The core challenge: Changing patient behavior

The administrative tasks associated with quality measurement place a significant burden on healthcare providers and don’t always translate to the delivery of better care. That’s because reporting on quality metrics alone isn’t enough to ensure patients are getting the care they need—providers must also encourage patients to undertake behaviors to self-manage their health.  

These behaviors include, but are not limited to:  

  • Seeking preventive care when it’s due (e.g., cancer screenings, immunizations)
  • Managing chronic conditions (e.g., hypertension, diabetes)
  • Addressing social drivers of health (SDOH) 

Changing patient behavior is complicated because providers can’t directly control what patients do—especially after a medical visit ends or if a patient doesn’t come in for a check-up in the first place. As a result, providers often view patient behavior as an obstacle to improving healthcare quality. In fact, one study found that most primary care providers (PCPs) do not see the value in trying to support patient self-management, and many are frustrated that patient behavior may affect their compensation.2 

Being held accountable for someone else’s behavior is especially frustrating for providers who are already strapped for time.

On average, PCPs would need an estimated 27 hours per day to give each patient the comprehensive preventive, chronic disease and acute care they need.3 

Even if these tasks were divided among multiple providers, they would all need training on how to collect patient-reported outcome measures, screen patients for social needs, record patient responses in the organization’s electronic health record (EHR) and flag patients who may be at higher risk for certain medical conditions. Each screening takes several minutes to complete and document—and that’s without accounting for necessary follow-ups, discussions and/or referrals.  

Even then, patients still have the autonomy to make their own decisions about their health. Inevitably, some patients will not follow through on recommended care—and providers are held accountable for those patients’ inaction. That doesn’t mean patients are at fault. Being a savvy patient is a learned skillset—and not one that’s taught. Instead, patients are expected to learn how to self-manage their care in real time, often while they’re navigating a health issue that can be overwhelming or life-threatening while contending with the demands of everyday life.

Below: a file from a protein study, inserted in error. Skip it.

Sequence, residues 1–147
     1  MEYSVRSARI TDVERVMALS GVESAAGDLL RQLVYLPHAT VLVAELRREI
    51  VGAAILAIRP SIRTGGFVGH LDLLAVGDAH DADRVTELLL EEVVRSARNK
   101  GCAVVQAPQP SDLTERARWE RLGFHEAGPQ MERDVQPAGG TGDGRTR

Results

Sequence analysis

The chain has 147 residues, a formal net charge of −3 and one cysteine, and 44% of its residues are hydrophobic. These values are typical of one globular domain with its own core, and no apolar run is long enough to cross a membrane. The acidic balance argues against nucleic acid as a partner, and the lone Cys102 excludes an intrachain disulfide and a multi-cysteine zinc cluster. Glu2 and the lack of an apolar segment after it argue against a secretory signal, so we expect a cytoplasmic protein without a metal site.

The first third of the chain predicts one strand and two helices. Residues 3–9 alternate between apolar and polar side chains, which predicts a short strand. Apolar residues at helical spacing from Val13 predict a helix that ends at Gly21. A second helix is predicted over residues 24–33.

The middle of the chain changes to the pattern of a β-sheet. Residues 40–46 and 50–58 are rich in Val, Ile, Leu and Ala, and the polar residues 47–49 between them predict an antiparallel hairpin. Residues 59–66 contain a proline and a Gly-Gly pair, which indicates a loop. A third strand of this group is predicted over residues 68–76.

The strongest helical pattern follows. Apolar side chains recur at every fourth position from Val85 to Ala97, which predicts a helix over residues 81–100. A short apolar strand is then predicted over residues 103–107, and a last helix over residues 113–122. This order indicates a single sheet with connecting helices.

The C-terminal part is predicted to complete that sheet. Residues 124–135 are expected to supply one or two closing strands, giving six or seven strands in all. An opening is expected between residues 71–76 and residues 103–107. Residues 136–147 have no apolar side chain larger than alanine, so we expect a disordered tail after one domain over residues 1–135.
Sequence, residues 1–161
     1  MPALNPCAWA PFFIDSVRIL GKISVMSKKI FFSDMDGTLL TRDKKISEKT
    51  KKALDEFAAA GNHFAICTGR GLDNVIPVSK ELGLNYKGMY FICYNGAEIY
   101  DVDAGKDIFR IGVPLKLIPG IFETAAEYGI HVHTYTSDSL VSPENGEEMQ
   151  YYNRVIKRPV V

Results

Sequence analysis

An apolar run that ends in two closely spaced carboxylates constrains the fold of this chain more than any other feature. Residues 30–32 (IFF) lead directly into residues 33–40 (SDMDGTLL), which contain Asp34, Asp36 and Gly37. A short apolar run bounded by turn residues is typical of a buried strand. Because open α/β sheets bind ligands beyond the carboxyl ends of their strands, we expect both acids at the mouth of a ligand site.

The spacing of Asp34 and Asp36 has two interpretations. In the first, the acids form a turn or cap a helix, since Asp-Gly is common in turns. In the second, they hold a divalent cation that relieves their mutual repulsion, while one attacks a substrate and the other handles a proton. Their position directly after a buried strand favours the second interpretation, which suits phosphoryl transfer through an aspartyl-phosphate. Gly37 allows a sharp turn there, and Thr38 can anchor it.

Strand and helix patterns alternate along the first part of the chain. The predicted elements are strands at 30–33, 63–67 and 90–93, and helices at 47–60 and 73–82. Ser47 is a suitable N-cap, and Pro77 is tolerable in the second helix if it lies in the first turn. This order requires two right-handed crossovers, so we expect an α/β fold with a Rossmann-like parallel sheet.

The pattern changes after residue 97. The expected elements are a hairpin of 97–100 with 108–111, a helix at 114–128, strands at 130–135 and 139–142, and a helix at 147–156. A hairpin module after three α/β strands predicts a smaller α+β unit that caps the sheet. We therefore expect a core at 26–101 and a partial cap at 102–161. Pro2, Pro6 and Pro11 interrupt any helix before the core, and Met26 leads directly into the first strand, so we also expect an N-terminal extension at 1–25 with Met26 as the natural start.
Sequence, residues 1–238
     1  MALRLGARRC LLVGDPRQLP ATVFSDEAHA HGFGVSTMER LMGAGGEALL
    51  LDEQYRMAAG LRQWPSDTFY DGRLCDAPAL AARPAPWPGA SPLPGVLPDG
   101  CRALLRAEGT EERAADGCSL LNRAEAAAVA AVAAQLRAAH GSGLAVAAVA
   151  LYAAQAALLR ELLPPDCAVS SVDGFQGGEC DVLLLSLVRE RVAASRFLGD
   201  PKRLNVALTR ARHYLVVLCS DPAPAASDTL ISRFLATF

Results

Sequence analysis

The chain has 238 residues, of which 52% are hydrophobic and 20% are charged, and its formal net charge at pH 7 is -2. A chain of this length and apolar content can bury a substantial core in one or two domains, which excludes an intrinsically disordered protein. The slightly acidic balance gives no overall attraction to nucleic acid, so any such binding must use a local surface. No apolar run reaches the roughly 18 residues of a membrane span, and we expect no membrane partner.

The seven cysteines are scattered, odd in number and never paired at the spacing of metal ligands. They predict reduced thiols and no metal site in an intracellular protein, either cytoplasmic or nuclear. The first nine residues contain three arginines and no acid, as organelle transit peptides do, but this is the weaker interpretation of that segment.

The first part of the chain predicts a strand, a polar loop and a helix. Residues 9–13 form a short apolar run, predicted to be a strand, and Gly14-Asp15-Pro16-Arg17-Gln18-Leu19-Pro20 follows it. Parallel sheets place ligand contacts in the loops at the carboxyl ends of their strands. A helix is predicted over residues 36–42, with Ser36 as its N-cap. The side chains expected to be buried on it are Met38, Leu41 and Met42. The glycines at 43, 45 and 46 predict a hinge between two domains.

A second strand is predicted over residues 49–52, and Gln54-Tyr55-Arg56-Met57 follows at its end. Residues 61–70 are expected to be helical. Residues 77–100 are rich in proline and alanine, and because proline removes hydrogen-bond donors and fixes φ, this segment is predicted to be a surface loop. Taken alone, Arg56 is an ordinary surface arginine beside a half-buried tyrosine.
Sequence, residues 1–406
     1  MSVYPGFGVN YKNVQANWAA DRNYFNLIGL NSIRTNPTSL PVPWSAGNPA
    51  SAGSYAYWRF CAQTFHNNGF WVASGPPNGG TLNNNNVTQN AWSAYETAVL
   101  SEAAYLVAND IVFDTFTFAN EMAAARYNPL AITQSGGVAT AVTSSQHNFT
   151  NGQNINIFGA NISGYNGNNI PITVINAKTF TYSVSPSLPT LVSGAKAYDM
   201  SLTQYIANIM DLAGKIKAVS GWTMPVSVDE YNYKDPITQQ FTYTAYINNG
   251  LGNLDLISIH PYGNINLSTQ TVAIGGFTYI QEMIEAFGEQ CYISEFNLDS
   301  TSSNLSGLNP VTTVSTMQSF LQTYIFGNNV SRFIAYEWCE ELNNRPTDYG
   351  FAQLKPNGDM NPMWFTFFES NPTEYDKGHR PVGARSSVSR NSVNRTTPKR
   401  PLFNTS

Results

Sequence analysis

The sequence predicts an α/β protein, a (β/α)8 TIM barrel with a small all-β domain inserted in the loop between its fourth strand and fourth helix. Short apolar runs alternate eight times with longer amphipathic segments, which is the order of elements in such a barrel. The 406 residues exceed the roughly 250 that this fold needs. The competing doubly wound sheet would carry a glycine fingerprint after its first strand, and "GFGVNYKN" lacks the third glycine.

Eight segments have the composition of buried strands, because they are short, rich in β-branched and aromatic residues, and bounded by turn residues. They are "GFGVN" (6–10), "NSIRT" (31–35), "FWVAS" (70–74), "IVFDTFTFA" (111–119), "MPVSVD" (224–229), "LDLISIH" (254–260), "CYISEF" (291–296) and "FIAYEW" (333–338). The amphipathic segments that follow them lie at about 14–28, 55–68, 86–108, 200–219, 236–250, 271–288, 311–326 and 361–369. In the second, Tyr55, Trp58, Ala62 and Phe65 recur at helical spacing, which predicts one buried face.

What if providers had a tool to help patients self-manage their health? If the U.S. healthcare system focused on helping every patient gain the knowledge, skills and confidence to manage their own health—what we call patient activation—providers would be better positioned to succeed on quality measurement.

Streamlining quality measurement: Strategies for success

Effective quality measurement lies as much with patients and their families as it does with providers. That’s why it’s critical to deliver person-centered care—an approach that tailors and individualizes care to each patient, taking into consideration their unique needs, preferences, values and beliefs. 

Here are some ways providers can deliver person-centered care to meet patients where they are:

Focus on patient activation

Being a patient is hard work, especially for individuals with complex or chronic conditions. Some patients are further along in their journey of asking questions, taking medications as prescribed and practicing healthy behaviors, while others need more help. But without a reliable way to identify which patients need the most support, providers may struggle to meaningfully engage them in their care—or equip them with the self-management resources they need to achieve optimal health outcomes. 

That’s where patient activation, measured through the Patient Activation Measure® (PAM®), comes into play. The PAM is a survey that assess patients’ knowledge, skills and confidence in managing their own health and healthcare. It segments patients into one of four levels that help providers understand whether a patient is overwhelmed and discouraged in managing their care (Level 1) or goal-oriented and proactive (Level 4).  

Patient activation gives healthcare organizations an objective and realistic understanding of patients’ ability to take responsibility for their health, which in turn help providers tailor their interventions for each patient. Low-activated patients, for example, may benefit from setting small, tangible goals to grow their confidence over time. Higher-activated patients, by contrast, may see greater benefit from more complex, self-directed goals.